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Hunger Week Recap

Throughout the week of Mar. 25-29, the Meredith Nutrition and Wellness Association (MNWA) hosted their annual Hunger Week. Hunger Week consists of a number of events centered around health and food. The MNWA stated on their Instagram page that these events help students learn about “how [individuals] can both receive and provide aid for food assistance and other health support.” This year, the events hosted were a Food Drive Kickoff, Basic Needs Fair, Garden Planning and Education, Share Your Plate, and Meals on Wheels Senior Hunger Seminar. 

The Herald spoke with Karla Sacerio, ‘25, the vice president of MNWA, about her involvement with hunger week this year. She spoke about how she participated in selling bundt cakes for their Basic Needs Fair event on Tuesday. At this event, she “sold bundt cakes, the annual recipe book, and informed students about different free resources that they have access to on campus.” Sacerio shared that this is her favorite event because of how hard students work to prepare them. At this event, they also shared recipe cards with students and had a spinning wheel with different prizes, including stress balls shaped like broccoli. When asked about the significance of Hunger Week, Sacerio responded by saying that food and nutrition is extremely important because humans rely on it, and that knowledge about proper nutrition can help create relief for  people with many different issues. She also stated that “nutritional food isn't available to everyone, and [she thinks] that it is so important to advocate for individuals that are ‘food-hungry.’”  She  also believes that “so many illnesses can either be cured, prevented, or even maintained with the proper nutrition.”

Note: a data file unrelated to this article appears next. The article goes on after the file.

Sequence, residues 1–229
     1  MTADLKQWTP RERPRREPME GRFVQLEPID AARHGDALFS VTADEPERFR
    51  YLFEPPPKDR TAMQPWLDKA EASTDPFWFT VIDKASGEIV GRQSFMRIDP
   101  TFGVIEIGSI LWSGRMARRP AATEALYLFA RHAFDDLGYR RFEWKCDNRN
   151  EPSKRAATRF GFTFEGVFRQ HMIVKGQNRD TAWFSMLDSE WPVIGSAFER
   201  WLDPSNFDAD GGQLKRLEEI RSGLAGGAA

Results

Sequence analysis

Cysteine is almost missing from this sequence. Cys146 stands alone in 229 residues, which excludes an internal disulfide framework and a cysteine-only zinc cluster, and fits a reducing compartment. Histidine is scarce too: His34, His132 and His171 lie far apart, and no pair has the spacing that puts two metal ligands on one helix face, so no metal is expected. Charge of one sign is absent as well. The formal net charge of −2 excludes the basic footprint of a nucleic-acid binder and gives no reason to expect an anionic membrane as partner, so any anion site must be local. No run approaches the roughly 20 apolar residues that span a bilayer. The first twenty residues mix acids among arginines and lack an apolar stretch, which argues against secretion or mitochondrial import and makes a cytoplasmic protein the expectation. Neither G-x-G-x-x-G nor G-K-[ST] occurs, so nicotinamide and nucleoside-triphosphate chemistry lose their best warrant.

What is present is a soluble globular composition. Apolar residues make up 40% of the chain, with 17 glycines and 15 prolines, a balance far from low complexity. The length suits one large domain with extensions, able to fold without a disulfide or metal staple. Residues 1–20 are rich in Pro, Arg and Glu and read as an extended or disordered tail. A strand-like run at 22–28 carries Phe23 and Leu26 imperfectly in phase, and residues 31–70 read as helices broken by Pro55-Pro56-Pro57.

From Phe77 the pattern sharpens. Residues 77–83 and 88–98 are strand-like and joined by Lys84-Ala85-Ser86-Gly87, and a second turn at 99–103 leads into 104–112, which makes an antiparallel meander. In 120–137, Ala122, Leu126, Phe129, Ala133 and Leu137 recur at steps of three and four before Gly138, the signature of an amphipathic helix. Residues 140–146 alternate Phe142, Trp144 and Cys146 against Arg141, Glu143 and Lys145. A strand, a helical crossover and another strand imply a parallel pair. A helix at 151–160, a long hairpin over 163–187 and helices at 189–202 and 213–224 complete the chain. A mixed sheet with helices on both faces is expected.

The MNWA President Anna Moriah Fung ‘24 organized the Basic Needs Fair by recruiting volunteers, compiling resources, and finding organizations both on and off campus to participate. When asked about the importance of events like Hunger Week for nutrition education she said that “when someone has the desire to learn more about nutrition and make the respective changes to their eating habits, they deserve to be able to implement them, so food access and equity is a societal issue that we need to continue to address.” She also added that “‘Healthy eating’ goes beyond having a giant plate of kale every day, and [she thinks] it's important that especially college students understand how comprehensive nutrition can be as an aspect of [their] lifestyle.” One event she particularly enjoyed was the Meals on Wheels Senior Hunger Awareness seminar. This event raised awareness about food insecurity within senior populations. The event was described by Fung as “an interactive time of engagement and learning.”

The Senior Hunger Seminar was also spoken very highly about by Dr. Rebecca Hagedorn-Hatfield. Dr. Hatfield plays a large role in organizing Hunger Week after being given a grant three years ago to raise awareness about food insecurity and hunger related issues. She described her role being “to really support the students and their ideas and help them coordinate all of the steps that must occur to pull off a week-long event.” The importance of this event to her can be summed up by her statement that “Food is central to [people’s] daily lives” not only because people’s  bodies “need it to survive but also because food encompasses [people’s] social and cultural identities,” noting that it provides people comfort and is used as a form of artistic expression among other things. Dr. Hatfield added that “Knowledge about food and nutrition empowers [people] to support [their] own health from a physical, mental, and emotional standpoint.” 

Dr. Hatfield concluded by saying “Student voices are incredibly important to changing a food environment - especially on a college campus.” She encourages students to share their food experiences on campus and advocate for change. 


By Liese Devine, Features Editor

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